Dayna Clark, MPH, and Kalpana Ramiah, DrPH, MSc, explain why patient trust is important for hospitals to have, as discussed in their poster presented at the 2021 AcademyHealth National Health Policy Conference.
Dayna Clark, MPH, a senior research assistant, and Kalpana Ramiah, DrPH, MSc, vice president of innovation and director of Essential Hospitals Institute, explain why patient trust is important for hospitals to have.
Why should patient trust matter to physicians? What are the implications for care if patients lack trust in a hospital?
Ramiah: Before I get into patient trust, let me say who we are as an association. America's Essential Hospitals is an association that advocates for 300-plus member hospitals around the country. Dayna and I work on the research and education portfolio, so the work that we do is with our member hospitals and to benefit our hospitals. You asked a question about patient trust, and I would like to separate it into 2 pieces: (1) about the trust with the physician and (2) about trust with the hospital. Patient trust in physicians has historically been linked to improved health outcomes, such as improved patient satisfaction, adherence to medication, or prescribed health behavior. So, they would stick with the health behavior if they trusted the physician. What we did in our work is about the patient trust in health care institutions, and the impact that the patient trust in health care institutions, such as hospitals or health systems, has on patient outcomes is unclear. Patient trust in hospitals, including the impacts of lack of patient trust, has not been extensively studied. So, more information is available on physician trust, not about the institutional trust.
What patient populations should hospitals be targeting to better ensure trust in their facilities?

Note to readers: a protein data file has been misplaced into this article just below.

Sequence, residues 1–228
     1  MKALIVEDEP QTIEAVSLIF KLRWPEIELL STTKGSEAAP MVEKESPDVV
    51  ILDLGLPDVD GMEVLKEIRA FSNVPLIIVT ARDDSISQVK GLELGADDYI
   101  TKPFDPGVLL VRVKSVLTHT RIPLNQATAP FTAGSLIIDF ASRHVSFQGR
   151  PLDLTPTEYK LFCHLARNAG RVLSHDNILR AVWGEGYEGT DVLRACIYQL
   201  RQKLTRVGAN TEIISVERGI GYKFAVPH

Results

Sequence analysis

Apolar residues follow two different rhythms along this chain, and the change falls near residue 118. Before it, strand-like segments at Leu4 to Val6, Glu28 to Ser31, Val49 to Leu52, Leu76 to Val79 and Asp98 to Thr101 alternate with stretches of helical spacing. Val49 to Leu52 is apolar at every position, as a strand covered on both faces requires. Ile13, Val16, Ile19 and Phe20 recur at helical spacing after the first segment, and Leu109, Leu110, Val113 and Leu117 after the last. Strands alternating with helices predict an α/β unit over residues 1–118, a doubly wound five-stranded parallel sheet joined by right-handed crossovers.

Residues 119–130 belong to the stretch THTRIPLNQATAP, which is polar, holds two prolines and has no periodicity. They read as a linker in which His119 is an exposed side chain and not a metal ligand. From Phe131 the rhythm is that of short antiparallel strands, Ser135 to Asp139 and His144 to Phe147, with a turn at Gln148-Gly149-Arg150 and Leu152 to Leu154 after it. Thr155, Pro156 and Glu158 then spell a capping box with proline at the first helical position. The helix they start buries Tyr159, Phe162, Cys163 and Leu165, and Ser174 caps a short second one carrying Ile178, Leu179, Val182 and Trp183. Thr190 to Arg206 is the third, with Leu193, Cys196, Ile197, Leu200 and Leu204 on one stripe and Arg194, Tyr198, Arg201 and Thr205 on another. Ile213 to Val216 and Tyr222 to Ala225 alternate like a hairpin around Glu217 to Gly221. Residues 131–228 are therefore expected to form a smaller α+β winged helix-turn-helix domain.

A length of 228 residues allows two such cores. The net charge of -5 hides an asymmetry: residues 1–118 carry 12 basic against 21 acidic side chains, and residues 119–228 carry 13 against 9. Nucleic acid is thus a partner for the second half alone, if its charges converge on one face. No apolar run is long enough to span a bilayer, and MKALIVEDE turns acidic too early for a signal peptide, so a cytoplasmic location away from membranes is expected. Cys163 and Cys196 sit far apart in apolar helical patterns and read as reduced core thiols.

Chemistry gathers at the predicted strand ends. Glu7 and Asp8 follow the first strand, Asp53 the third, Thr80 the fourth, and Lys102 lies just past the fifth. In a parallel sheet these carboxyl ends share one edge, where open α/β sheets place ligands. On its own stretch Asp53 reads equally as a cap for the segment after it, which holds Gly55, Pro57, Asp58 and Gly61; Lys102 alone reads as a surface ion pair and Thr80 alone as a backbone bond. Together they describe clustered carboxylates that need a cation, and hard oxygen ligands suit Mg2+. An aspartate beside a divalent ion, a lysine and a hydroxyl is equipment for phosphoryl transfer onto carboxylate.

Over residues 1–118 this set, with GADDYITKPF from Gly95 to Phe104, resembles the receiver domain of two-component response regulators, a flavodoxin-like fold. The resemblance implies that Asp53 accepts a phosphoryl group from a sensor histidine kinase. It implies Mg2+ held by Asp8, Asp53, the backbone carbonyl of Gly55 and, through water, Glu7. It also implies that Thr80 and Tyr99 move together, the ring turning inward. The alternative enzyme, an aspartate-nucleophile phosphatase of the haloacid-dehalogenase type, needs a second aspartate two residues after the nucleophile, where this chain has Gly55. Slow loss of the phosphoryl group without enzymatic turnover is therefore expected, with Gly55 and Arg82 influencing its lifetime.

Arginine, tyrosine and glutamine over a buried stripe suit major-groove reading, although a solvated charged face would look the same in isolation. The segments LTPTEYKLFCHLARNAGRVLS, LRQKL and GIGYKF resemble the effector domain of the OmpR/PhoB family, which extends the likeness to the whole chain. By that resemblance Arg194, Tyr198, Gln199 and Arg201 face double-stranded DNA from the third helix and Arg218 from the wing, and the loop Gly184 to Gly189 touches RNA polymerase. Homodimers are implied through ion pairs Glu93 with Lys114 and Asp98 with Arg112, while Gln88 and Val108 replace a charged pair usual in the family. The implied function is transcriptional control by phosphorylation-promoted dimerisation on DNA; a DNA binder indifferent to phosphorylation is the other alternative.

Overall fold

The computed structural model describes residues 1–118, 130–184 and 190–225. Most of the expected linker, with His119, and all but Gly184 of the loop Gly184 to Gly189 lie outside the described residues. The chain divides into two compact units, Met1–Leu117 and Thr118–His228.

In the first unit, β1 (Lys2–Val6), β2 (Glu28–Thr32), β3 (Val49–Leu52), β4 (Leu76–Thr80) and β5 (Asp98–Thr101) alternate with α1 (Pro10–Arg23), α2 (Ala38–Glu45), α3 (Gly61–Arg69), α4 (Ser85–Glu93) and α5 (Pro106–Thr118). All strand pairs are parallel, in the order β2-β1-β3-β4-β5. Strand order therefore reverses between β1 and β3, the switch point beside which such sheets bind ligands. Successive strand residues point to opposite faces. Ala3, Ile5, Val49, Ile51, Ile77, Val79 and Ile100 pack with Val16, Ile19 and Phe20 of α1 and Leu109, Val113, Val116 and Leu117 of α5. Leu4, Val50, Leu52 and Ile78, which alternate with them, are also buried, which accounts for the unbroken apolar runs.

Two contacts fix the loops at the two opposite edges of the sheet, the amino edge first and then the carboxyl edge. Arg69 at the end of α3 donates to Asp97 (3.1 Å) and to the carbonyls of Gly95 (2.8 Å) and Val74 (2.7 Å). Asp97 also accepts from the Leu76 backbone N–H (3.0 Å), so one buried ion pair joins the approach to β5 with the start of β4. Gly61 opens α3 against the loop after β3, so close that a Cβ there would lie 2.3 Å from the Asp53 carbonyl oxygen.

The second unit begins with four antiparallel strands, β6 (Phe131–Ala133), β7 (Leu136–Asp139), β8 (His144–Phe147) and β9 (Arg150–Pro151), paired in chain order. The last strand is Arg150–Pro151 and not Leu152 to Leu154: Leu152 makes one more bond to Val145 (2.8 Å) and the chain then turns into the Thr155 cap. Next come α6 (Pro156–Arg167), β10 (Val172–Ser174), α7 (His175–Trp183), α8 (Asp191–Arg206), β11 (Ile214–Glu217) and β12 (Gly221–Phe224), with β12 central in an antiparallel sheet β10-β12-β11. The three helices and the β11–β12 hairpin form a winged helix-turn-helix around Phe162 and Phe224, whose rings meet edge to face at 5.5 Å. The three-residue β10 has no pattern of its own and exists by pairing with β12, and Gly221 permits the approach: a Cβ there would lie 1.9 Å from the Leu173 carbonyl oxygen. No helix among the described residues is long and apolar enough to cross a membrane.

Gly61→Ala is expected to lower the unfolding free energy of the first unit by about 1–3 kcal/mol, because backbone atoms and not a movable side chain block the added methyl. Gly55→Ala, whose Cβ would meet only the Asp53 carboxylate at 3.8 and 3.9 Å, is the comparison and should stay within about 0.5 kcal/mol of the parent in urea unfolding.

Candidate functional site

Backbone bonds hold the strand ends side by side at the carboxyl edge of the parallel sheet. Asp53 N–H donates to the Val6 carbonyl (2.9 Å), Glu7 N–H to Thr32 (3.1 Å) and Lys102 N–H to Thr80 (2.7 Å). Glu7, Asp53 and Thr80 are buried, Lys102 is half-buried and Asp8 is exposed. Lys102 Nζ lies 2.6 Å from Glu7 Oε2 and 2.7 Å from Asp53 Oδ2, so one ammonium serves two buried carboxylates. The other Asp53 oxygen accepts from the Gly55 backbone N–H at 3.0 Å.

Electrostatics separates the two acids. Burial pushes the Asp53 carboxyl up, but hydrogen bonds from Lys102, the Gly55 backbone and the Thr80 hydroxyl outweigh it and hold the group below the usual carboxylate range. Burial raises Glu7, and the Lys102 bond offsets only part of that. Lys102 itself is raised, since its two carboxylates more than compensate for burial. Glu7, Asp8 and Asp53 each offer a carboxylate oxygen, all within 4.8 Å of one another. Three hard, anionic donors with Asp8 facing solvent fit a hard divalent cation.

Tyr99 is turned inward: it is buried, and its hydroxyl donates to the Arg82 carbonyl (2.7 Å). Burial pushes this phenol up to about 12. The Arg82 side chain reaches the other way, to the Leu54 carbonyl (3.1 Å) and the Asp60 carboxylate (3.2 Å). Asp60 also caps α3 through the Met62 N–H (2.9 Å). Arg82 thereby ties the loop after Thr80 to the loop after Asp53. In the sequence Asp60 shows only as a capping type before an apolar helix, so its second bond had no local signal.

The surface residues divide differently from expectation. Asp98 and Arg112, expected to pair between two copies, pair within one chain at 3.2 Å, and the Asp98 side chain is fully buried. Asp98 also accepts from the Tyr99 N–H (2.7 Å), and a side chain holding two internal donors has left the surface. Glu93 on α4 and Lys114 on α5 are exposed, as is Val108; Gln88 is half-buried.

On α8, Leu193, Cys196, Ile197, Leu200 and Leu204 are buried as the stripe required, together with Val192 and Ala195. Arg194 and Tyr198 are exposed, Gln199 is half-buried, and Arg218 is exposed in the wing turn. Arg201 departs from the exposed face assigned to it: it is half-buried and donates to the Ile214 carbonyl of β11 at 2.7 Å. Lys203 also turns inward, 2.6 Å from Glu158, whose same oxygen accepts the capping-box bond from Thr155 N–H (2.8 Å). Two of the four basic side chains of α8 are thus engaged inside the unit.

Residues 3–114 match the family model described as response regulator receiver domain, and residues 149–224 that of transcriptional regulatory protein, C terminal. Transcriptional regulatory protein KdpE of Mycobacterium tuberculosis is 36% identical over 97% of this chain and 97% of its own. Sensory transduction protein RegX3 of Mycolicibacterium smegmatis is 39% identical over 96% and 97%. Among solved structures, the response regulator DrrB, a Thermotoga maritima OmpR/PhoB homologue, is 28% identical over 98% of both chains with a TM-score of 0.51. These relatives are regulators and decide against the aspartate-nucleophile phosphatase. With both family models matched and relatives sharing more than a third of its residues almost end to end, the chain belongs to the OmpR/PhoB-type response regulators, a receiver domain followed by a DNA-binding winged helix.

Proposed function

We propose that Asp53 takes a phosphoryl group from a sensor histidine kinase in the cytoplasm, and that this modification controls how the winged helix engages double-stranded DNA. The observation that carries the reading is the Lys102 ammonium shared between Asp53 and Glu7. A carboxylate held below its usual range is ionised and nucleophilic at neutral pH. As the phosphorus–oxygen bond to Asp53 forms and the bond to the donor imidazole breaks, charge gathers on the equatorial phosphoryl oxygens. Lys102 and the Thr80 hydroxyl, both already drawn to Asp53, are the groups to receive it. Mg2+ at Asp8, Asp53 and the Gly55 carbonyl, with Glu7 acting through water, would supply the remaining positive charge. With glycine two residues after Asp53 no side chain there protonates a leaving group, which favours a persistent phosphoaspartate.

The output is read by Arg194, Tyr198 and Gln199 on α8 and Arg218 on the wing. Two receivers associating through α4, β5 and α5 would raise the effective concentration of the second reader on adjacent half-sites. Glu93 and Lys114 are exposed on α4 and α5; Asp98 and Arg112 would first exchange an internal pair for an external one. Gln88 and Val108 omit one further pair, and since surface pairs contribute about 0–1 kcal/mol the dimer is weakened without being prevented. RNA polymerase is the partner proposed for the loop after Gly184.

Clark: So, up until this past year, patient trust has been decreasing across the country over the past decade. Keeping that in mind, hospitals should really try and build trust with every patient that walks through the door. That said, patient trust with physicians and health care systems has been historically low among Black and Hispanic populations compared to White. Our study confirms these findings, and then further suggests that patient trust is lower among patients who are of lower income, younger, and female, so it's also important to give extra attention to these populations to help address disparities in trust. I'd also like to point out that this past year with the pandemic has actually been the first time in many years that there has been an increase in trust in medical institutions. This really isn't surprising given the work and sacrifice that our health care workers have given to meet the current needs. But since we don't know how long this trend will last, or if it will continue in the future, hospitals should still continue to make increasing patient trust a priority.
How can hospitals tell what factors of trust they are lacking in and what areas need more focus?
Ramiah: Asking the right people, the patients and the caregivers. How do you ask? It could be through traditional surveys or having a group discussion. Patients and caregivers have suggested that hospitals gather input from groups of patients and include patients in their meetings. Those actually increase trust. You may have heard about patient-family advisory committees. Those are great, but that might not be sufficient. So, hosting public deliberations or traditional focus groups might work too, and including patients in clinical meetings. Every hospital has so many policies and procedures and just adding one more eye to that, adding a voice to that and asking the patient something like, "Hey, what do you think about this policy?" It might be a simple transporting patient from one place to another policy but asking the patient, "What do you think if I actually push you through a wheelchair from this place to this place, would that sound okay? Or do you think we should go around to take you to the examination room?" So, those increase trust and hearing from patients and the caregivers increases trust.
One of the things I will say is that the quantitative data that is available could be used as a proxy. Some of the data like [Hospital Consumer Assessment of Healthcare Providers and Systems] have certain aspects that could give one path towards digging deeper into a topic. Is it about confidentiality? Is it about engagement with community? So, it gives a pathway into it and the qualitative information is what we need to hear more. I'll also say that gathering information should go beyond the patients who walk into the hospital walls. It's about the community. Gathering information from the community, getting out of our hospital walls to gather information on what people think about the hospital and health system will be even more beneficial.